BANGKOK – VietJet is one of the world fastest-growing airlines in the world. With its home base in Hanoi and Ho Chi Minh, the airline played a major role in the increase in the Vietnamese air travel market.
VietJet alone has 94 aircraft, with 78 aircraft flying for Vietjet and 16 for its Thai subsidiary, Thai Vietjet, which I am going to review today.
Chaos, Confusion, and Cramped at Check-In
I arrived well in time for check-in for my flight to Ho Chi Minh City from Bangkok. My flight VZ974 to Ho Chi Minh is scheduled for an 8:30 departure, which means that I had to be at the airport at least 2 hours before check-in.
I thought I’d be at the airside within half an hour. However, I was wrong. This sight greeted me despite arriving at 6:30 AM:
It was chaotic at Bangkok Airport. The line snaked beyond the check-in area, as there were 4 Thai VietJet flights departing that morning, to Phnom Penh, Singapore, Ho Chi Minh (my flight) and Da Nang respectively. I timed myself, and it took me 45 minutes from queuing to handing my boarding pass to the agent.
With a quarter of an hour elapsed, I rushed through security and then immigration which took another half an hour. At this stage, I realised that I am unable to comfortably enjoy my morning breakfast.
My Flight VZ974
I arrived at Gate G1 where my flight was parked. My shuttle to Ho Chi Minh was flown by HS-VKE, a 12-year-old Airbus A320. This aircraft’s serial number is 4512 and has had a fair share of ownership changes.
It first went into service in November 2010 with AirPhil Express and in 2013 briefly with Philippines Airlines before going to Vietjet Airlines in the same year. In March 2018, it finally went to Thai Vietjet under the current registration.
The flight was roughly 75% full, a satisfactory cabin load given that this is the first of the four daily flights between the two metropolises. I took the earliest flight as this was the cheapest, I paid $105 USD – round trip, guess I can’t and could not complain.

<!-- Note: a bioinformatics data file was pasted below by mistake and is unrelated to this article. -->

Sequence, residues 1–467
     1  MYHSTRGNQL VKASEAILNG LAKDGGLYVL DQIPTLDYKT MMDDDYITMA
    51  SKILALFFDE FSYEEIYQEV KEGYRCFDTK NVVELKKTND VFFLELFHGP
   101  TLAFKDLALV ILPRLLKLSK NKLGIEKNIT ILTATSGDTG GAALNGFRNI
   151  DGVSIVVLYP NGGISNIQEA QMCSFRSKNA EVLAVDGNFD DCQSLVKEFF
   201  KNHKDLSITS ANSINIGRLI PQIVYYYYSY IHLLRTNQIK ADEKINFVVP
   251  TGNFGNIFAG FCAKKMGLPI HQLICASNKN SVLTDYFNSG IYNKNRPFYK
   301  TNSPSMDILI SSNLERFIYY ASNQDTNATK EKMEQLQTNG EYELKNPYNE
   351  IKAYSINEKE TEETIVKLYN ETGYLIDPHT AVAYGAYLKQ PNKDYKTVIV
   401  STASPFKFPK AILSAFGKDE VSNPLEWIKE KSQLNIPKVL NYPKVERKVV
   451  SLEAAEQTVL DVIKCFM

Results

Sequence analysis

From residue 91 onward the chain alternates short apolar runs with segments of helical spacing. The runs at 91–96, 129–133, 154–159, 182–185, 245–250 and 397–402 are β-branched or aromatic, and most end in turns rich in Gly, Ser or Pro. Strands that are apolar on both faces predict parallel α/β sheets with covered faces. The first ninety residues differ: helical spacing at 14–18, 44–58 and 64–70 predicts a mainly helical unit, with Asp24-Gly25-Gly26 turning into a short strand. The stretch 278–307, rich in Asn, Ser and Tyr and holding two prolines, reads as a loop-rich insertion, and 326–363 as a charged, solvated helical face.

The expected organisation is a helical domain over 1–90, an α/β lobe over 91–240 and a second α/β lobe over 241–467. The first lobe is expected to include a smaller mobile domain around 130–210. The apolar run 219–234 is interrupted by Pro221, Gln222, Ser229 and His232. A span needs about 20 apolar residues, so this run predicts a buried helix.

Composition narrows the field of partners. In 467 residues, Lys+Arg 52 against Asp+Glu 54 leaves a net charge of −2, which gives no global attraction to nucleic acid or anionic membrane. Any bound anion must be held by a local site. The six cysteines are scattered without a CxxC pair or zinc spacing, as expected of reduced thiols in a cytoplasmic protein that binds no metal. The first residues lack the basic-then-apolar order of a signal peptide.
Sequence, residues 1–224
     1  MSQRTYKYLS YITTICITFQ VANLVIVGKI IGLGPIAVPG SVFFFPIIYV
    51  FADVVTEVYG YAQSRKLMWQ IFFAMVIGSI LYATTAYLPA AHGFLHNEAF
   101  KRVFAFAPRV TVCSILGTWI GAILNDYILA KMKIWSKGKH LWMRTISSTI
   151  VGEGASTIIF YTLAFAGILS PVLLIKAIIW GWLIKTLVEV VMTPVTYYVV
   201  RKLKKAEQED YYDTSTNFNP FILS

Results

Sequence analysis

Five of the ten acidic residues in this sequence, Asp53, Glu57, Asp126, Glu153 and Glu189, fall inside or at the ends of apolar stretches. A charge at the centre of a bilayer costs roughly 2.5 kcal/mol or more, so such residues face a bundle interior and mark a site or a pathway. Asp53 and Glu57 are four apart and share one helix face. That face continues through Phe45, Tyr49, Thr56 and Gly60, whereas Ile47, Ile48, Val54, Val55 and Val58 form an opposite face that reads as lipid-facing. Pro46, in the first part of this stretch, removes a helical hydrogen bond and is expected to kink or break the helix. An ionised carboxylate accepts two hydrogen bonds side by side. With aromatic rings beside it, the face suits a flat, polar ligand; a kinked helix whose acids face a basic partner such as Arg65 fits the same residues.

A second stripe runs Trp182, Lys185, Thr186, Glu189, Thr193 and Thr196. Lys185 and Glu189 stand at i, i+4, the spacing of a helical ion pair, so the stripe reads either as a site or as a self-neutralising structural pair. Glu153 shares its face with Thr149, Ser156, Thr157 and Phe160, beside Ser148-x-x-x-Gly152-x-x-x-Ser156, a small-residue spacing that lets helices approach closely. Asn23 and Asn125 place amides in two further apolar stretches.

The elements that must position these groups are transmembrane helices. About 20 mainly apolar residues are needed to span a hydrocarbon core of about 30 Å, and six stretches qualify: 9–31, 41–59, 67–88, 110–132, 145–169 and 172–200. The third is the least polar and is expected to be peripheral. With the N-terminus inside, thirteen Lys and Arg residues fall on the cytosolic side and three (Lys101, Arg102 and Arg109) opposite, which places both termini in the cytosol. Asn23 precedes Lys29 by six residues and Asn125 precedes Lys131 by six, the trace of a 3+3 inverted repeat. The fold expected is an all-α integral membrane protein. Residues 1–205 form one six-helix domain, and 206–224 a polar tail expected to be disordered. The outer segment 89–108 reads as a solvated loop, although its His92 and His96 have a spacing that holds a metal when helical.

My view from seat 20A!
Legroom is not bad given I’m 179 cm tall.
I was one of the first batch to board. Initially, I thought this flight was going to be a light load, but it took half an hour for passengers to fill the aircraft.
Pushback 8:30 AM sharp! An impressive lineup showing ANA, Etihad and Korean Air!
Emirates A380 and Vietjet A321.
Morning Rush Thai Airways Line Up!
Runway 01 Right Take-Off! Taking off from this runway at Suvarnabhumi is usually performed during the winter season. This is also my favourite take-off direction as you can see the entire airport view.
Shown above is the soon-to-open satellite terminal, slated to open this year. For over two years, the terminal was used to park inactive aircraft, now there are fewer of them! Only a handful of Thai 747s and A380s. What an eyesore!
Rather disappointing. I saw selections of authentic Thai a Vietnamese coffee, but it wasn’t available on board. So I opted for a bland generic instant Nescafe coffee.
I had high hopes when it comes to coffee onboard a Vietnamese airline, a country known for its dark robusta beans.
Their onboard menu or ‘Sky Cafe’
A mixture of western and local foods. The only authentic Vietnamese food selection here was Banh Mi (Top Left).
Heavy hot meals catered towards the Thai market.
Generic Dessert options
Snack options. It is imperative that all Asian carriers serve or sell instant noodles!
My much-craved for filtered or drip coffee is not fulfilled! Opted for number 39 instead.
Approaching Ho Chi Minh (SGN) Tan Son Nhat International Airport. This view never gets old! Hands down one of the best approaches in Asia ever…
For those of you who want to enjoy the approach, always opt for a window seat port side if you ever fly into this city.
Disembarkation – these passengers unbuckled their seats even before the seatbelts signs were switched off. It’s a race to the bottom when you think de-boarding is a race.
Parked next to a Thai Smile from Bangkok, feels like home!
Way to immigration
Madness at immigration. It took me 50 minutes to clear this place.
Arrivals Hall at Tan Son Nhat Airport.
Bottom Line: I’d fly Thai Vietjet Airlines on any given day considering it’s the cheapest option from A to B, at least to and from Bangkok.
My previous Thai Vietjet flight to Phnom Penh wasn’t that great as the aircraft was very dirty. Seating comfort was mediocre, but not too bad, what can you expect on a low-cost airline?
The flight was 1 hour and 10 minutes, therefore, it was a great experience and worth every penny.
Me enjoying a proper Vietnamese coffee after the instant-coffee gate on my flight.